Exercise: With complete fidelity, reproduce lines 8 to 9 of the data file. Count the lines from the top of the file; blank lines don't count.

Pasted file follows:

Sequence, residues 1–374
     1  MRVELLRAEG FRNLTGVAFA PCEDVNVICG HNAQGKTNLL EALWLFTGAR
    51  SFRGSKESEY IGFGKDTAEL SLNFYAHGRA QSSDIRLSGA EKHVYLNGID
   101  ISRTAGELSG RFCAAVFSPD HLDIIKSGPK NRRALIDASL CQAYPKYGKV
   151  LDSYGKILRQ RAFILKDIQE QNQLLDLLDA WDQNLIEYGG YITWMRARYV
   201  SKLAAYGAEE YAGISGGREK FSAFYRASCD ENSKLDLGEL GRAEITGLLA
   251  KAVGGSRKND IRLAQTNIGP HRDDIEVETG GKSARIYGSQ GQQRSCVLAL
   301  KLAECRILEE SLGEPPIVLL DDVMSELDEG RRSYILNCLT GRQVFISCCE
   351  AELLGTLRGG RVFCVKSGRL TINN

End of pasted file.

   301  KLAECRILEE SLGEPPIVLL DDVMSELDEG RRSYILNCLT GRQVFISCCE
   351  AELLGTLRGG RVFCVKSGRL TINN